You can support the work of the Disability Rights Legal Center simply by shopping and searching online. Become an iGive member and choose the DRLC as one of the causes you support, then click on an iGive link to one of the almost one thousand participating retailers, including Amazon.com, Bed Bath & Beyond, DisneyStore.com, eBay, Expedia.com, Hotwire.com, Macy's, NORDSTROM.com, ProFlowers, Sport Chalet, Travelocity. You will not pay more for products, rather the companies give a listed percentage of the purchase to your cause.Causes always receive 100% of the donation amount advertised on iGive's website. You can also contribute to the DRLC simply by using iGive's search engine. Go to iGive.com to sign up.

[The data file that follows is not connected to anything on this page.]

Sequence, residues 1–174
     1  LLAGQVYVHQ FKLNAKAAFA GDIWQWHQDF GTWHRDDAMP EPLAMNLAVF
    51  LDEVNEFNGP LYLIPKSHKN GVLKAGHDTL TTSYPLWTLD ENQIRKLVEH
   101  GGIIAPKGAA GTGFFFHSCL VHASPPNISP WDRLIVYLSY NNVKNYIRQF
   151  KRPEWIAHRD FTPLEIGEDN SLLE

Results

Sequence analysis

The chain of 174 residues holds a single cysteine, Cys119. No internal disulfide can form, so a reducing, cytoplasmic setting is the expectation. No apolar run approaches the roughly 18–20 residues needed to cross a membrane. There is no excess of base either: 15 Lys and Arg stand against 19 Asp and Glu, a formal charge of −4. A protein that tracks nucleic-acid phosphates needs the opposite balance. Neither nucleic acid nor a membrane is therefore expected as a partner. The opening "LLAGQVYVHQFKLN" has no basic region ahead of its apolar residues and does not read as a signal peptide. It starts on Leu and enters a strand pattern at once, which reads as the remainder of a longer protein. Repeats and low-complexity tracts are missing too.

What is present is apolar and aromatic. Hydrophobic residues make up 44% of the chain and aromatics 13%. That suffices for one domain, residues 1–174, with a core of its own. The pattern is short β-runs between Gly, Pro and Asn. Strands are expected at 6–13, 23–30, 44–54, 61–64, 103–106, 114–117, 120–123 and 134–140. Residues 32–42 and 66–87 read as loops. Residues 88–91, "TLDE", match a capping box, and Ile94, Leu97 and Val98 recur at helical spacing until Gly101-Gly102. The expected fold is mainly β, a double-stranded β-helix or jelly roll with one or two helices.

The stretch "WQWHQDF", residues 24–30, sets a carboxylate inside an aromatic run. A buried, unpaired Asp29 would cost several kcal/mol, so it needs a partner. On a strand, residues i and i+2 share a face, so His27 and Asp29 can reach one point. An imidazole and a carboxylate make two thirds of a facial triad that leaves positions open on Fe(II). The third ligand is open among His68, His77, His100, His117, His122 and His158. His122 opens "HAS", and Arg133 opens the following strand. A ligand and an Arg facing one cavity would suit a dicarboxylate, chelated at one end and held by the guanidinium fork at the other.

The online credit card donation feature is available on the Make a Donation page of the DRLC website. This quick and easy function can be used for general donations.   



Visit the How You Can Help page of our website to volunteer as a pro bono attorney on a disability rights case, work as a student law clerk or assist with intake and administrative responsibilities.


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DRLC Group Photo 2011
Disability Rights Legal Center Staff October 2011